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Parks Beyond Borders #3: Looking Abroad At National Park News

Sign in a train bound for a National Park in Japan

In Japan, national parks are often an easy train ride outside population centers. This train is about to leave Tokyo for Fuji-Hakone-Izu National Park. Randy Johnson photo.

Editor's note: The Traveler is expanding our coverage of national parks in other nations. Starting in 2012 we'll be rolling out travel stories on international park destinations, but we're also christening this weekly roundup on park news from countries other than the U.S. Stay tuned for more on global parks. And if you live in one of the 200 countries where our readers reside, send Randy your news or suggestions.

Geothermal Energy Coming to Japan’s National Parks?

Japan’s Environment Ministry has decided to ease restrictions aimed at preserving park scenery and ecosystems to permit the extraction of geothermal heat in the country’s national parks.

Japan likely ranks third in the world for geothermal potential from its many volcanic hotspots. Development of those resources is lagging, reports say, because 80% of the country’s potential lies in national parks where exploitation is restricted.

In 1974 the government restricted geothermal development in certain areas to avoid environmental damage. The recent change in geothermal philosophy takes place in the wake of last year’s Tsunami and nuclear power plant disasters.

The initial plan to expand geothermal development of national parks was approved at a meeting on February 14, with new regulations expected to be finalized in March after consultation with environmental groups. The plan is based in part on the possibility that wells could be constructed outside of parks that do not alter park scenery but angle under the parks into areas possessing geothermal resources.

U.S., Mexican National Parks Renew Cooperative Relationship

On February 14th, National Park Service Director Jonathan B. Jarvis signed a Memorandum of Understanding with Luis Fueyo MacDonald, head of Mexico’s National Commission for Natural Protected Areas (CONANP), renewing a longtime conservation agreement between the two agencies.  The ceremony took place in San Francisco at an international summit attended by leaders of Marine Protected Area agencies.

Director Jarvis, said, “The United States and Mexico have a long history of cooperation on park and protected area matters, dating back at least 75 years, with the first official agreement between the NPS and CONANP’s predecessor agency dating to 1987,” Jarvis said.  “The last 20 years have seen a significant increase in cooperative activities between NPS and CONANP.”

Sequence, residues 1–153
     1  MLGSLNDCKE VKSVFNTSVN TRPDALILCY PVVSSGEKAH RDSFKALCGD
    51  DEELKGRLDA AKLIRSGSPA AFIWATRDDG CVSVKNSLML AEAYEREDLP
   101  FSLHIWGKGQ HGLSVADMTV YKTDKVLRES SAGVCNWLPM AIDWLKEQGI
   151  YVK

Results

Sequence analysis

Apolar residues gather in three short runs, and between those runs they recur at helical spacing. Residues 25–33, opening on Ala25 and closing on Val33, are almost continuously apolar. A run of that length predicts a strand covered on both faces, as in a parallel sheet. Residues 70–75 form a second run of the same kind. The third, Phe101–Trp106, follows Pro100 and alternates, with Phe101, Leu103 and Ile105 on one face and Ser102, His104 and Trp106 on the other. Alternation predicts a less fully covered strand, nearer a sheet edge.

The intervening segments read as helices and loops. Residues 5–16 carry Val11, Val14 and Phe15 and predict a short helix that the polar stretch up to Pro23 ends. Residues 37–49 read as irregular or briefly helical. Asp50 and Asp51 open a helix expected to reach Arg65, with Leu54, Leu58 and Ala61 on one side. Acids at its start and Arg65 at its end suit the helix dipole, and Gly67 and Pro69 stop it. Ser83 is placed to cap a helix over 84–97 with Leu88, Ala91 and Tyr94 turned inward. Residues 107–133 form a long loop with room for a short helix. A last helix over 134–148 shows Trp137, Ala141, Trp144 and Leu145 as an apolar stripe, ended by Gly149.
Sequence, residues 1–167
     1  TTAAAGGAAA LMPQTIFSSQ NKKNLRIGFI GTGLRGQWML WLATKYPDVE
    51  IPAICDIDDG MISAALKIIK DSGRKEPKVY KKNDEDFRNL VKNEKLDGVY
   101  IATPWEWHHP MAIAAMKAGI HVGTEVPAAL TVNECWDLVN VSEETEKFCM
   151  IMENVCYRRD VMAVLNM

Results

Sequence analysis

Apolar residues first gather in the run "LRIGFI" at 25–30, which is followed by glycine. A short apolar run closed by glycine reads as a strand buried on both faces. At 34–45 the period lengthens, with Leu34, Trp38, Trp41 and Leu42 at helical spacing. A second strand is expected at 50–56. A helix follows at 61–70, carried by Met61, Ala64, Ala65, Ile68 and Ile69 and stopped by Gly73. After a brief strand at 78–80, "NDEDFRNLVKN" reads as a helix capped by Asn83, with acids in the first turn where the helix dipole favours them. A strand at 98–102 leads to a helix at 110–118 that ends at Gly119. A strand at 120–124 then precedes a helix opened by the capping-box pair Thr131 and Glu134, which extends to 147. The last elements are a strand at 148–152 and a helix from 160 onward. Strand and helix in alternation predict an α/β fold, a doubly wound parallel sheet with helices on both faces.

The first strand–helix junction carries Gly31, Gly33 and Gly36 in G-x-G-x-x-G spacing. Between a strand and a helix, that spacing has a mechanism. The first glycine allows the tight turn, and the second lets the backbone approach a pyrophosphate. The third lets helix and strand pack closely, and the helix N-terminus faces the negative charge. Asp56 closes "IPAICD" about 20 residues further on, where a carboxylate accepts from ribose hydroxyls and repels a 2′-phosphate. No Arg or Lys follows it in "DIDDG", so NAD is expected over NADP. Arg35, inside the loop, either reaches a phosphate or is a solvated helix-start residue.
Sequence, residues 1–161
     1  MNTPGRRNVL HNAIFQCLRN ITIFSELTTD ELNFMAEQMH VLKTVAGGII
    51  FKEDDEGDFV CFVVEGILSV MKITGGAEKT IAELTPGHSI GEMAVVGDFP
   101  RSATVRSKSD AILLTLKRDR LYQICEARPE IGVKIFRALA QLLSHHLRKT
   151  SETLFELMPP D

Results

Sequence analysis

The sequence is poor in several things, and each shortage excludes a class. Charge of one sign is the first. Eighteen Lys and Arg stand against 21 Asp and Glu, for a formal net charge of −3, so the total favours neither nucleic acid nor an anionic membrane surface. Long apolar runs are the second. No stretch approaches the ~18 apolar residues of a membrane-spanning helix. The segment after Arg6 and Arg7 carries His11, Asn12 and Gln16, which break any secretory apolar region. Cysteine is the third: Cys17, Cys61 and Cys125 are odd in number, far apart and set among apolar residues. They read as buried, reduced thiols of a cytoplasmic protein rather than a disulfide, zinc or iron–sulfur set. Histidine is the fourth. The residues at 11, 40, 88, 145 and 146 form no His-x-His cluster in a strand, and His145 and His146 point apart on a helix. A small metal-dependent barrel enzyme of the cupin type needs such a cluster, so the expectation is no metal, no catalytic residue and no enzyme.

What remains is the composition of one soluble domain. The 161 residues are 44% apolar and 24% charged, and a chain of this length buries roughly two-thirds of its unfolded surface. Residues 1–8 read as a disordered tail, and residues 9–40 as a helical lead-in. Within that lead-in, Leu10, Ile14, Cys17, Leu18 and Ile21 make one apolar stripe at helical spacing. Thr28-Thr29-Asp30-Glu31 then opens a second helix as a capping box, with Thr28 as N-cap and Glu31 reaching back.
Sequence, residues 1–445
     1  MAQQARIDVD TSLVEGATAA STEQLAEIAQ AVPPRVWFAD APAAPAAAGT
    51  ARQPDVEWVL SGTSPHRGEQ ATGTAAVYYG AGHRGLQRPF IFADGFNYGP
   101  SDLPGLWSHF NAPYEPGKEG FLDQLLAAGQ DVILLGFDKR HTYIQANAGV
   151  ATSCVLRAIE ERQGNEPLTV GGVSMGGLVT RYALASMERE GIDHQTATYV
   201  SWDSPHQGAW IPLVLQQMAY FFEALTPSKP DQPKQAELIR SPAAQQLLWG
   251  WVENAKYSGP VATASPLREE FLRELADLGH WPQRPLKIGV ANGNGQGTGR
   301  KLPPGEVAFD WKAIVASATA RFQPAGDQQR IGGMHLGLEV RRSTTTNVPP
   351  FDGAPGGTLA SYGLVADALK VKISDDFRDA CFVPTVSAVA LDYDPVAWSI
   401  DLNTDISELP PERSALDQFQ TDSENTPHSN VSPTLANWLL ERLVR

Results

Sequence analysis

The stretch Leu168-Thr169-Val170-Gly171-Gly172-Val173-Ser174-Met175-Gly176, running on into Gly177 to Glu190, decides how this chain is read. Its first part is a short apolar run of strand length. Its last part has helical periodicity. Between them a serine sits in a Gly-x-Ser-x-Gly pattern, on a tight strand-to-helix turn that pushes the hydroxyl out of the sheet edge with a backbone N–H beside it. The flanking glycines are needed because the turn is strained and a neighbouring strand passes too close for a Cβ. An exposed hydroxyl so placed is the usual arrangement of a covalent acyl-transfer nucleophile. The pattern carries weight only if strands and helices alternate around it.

The two countries work together on many projects affecting migratory wildlife species, among them birds, bats, marine mammals, sea turtles, other marine life, and the monarch butterfly, all of which frequent national parks and protected habitats in both the U.S. and Mexico.

Other efforts include the Big Bend-Rio Bravo initiative between Big Bend National Park and counterpart protected areas across the Rio Grande-Rio Bravo river.  Channel Islands National Park and the Isla Guadalupe Biosphere reserve off Baja California are developing a “sister park” relationship based on the parks’ similar ecology. The endangered elephant seal that repopulated the Channel Islands came from the seal colony on Isla Guadalupe.

Visitation Down at North York Moors National Park

Local organizations and the park authority are exploring ways to boost visitation at North York Moors National Park in northeast England, located to the northeast of Leeds and York.

Assistant director for park services Michael Graham, said: “Our aim is to reverse the decline in visitor numbers.” In 2011, visitation at the Sutton Bank visitor centre dropped 13,000, about10 per cent, while income at the park parking area, or “car park” fell 13 per cent.

The park hopes to raise its profile with branding initiatives and collaboration with cooperating organizations.

The park celebrates its 60th anniversary in 2012. It’s “one of the most stunning landscapes in the country, it will simply make you stand and stare,” says the park’s Web site.

Bill in Canadian Parliament Would Change Park Name

St. Lawrence Islands National Park near Kingston, Ontario would become Thousand Islands National Park if Conservative MP Gord Brown’s bill becomes law.

Brown said the new name would make it easier for people to "place" the 108-year-old national park.

Jeff Garrah, chief executive officer of the Kingston Economic Development Corp, said the Thousand Islands name is better known than St. Lawrence and would make it easier to market the park to tourists. He said the change, “would be an opportunity for a better brand.” 

Brown said he expects costs incurred with changing websites, brochures and signs would be “minimal.”

More National Parks for Russia

Russia will get six new national parks in 2012. The new parks will be Beringia (in the Chukchi autonomous region), Land of Leopard (in Primorski Territory), Ladoga Skerries (in the Karelia Republic), Onega Pomorye (located in the Arkhangelsk Region), Chikoy (in Transbaikalian Territory) and Shantarskie Islands (Khabarovsk Territory).

Two new federal nature reserves will also be created in Russia this year: Ingenmanlandsky (in the Leningrad Region) and the Shaitan-Tau (the Orenburg Region).
A number of other nature reserves are slated for expansion. The government says the long-range plan is to create one new nature reserve a year during the period from 2013 to 2019, with two new reserves expected to be founded in 2020.

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